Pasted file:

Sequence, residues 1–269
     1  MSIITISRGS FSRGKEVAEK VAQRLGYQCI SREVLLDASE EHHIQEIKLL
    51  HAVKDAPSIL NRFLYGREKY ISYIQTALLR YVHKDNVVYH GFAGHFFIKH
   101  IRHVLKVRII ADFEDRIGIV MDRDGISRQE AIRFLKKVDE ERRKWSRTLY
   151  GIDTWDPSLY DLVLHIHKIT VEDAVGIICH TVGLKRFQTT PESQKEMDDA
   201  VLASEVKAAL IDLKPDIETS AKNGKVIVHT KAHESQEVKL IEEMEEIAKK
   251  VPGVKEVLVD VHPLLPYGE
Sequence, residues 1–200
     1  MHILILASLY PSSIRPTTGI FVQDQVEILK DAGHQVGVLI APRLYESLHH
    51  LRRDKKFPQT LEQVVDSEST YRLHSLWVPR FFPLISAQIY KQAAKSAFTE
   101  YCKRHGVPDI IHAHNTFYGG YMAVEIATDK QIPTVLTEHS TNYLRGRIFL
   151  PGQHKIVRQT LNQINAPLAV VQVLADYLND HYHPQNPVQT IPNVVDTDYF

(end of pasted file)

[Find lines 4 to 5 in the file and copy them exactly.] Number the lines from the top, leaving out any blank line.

   101  IRHVLKVRII ADFEDRIGIV MDRDGISRQE AIRFLKKVDE ERRKWSRTLY
   151  GIDTWDPSLY DLVLHIHKIT VEDAVGIICH TVGLKRFQTT PESQKEMDDA